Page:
BOSTON — Some are turning annoying robocalls into cash.
It takes a bit of detective work and centers around the penalty for violating the do not call registry.
"The calls can be worth five to fifteen hundred dollars a piece," Consumer Credit Expert Doc Compton said. "I was getting literally 15 to 20 calls a day."
Doc Compton runs Robocalls Cash. For $47 the site sells the secret to turning the tables on telemarketers who use illegal autodialers and pre-recorded messages.
"They know that what they're doing is wrong," Compton said.
He points to a little known part of the "telephone consumer protection act" designed to protect you from auto-dialers and robocalls... It also allows consumers to collect cash from callers who break the law.
"You want to take the call," Compton said. "[But] if you ever try to ask them too many questions, a lot of times they'll just get a little skittish and hang up on you."
You have to find out what the caller wants and collect as much information as you can.
Show interest, he said, and they're more likely to reveal a company name, a website -- or better yet, ask them to email information.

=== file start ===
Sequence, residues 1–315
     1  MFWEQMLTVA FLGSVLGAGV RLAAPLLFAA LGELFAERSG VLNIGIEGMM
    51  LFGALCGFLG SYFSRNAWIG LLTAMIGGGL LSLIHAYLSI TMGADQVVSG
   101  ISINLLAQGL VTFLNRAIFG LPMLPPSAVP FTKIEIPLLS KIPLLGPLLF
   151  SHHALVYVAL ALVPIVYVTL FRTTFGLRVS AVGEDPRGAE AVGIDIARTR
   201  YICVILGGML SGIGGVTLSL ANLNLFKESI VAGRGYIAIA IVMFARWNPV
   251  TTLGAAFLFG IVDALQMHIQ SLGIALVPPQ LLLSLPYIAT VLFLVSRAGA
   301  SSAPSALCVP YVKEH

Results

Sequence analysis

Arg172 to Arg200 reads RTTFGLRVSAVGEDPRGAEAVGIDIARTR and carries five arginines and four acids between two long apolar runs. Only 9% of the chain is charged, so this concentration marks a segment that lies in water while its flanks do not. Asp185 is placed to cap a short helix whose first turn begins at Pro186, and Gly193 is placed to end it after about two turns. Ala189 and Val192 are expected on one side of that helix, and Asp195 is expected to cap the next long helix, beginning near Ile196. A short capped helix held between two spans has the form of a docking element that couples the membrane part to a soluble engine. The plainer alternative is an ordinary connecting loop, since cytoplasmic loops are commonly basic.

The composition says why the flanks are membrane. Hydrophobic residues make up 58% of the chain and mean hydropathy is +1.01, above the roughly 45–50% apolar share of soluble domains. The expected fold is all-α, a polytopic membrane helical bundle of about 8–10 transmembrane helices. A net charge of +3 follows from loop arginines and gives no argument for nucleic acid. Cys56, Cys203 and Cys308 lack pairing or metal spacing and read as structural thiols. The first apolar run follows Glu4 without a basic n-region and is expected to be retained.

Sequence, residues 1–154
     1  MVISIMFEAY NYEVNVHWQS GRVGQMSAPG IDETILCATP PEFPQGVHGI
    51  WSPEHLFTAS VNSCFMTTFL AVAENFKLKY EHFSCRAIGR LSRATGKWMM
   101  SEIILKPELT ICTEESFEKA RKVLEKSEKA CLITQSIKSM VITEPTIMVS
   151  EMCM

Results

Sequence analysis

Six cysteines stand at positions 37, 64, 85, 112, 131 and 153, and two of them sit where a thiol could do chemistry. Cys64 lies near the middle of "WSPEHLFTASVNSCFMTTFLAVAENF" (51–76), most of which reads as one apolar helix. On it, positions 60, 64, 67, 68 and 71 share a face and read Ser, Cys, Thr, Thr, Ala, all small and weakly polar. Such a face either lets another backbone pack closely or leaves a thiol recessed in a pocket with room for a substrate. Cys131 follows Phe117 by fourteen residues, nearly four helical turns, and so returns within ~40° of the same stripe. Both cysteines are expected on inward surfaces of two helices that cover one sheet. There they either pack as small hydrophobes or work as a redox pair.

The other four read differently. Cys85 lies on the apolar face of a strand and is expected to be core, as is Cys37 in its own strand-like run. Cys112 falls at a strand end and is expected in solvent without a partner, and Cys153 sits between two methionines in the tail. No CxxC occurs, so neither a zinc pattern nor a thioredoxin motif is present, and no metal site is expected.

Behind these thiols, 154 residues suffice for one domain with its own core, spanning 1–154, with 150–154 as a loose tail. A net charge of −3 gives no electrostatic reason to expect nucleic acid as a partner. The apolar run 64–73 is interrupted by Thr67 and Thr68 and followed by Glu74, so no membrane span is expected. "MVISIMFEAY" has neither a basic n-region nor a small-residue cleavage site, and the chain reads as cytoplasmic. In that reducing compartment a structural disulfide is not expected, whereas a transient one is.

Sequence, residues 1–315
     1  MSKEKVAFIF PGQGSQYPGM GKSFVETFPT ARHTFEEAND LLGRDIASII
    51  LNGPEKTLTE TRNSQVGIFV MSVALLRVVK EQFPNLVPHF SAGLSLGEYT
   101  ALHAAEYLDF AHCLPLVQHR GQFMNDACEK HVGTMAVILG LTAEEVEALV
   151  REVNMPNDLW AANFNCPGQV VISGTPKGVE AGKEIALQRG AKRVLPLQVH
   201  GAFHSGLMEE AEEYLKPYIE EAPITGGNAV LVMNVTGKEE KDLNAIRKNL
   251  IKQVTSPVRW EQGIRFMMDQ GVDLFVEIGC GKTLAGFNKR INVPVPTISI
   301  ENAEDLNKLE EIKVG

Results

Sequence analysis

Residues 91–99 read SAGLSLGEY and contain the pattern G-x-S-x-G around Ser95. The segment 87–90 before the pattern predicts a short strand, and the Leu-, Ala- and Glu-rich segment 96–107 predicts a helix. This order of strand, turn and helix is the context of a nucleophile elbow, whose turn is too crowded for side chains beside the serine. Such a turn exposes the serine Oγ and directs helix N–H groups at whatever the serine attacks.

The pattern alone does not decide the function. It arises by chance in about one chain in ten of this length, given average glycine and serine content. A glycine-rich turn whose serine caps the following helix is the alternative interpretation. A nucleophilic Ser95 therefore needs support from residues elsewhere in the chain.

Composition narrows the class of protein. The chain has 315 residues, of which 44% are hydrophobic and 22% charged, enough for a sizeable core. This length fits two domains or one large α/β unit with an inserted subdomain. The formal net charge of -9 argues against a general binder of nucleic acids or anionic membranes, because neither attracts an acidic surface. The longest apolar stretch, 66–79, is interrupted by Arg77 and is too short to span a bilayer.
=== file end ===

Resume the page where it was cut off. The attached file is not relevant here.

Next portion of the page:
Now you've got a way to contact them, cite the law, the penalty and demand your money.
"One of two things is going to happen, they're going to completely ghost you and disappear or they're going to negotiate," Compton said.
He says he has the wire deposits to prove his plan works.
"I mean if you've identified the right person, they've called you, they're on the hook," Compton said.
One company we tried insisted they'd only broken the law once, which is a $1,500 fine. The other denied calling at all.
But when we received another call from the same company, they immediately offered to settle for $5,000.
Now when those calls come, it's the seller who's sorry.
Political messages and those from 501C-3 non-profit-organizations charities are both exempt.
Anyone else who calls, texts or even faxes you with an automated message is breaking the law and that could be worth cash.
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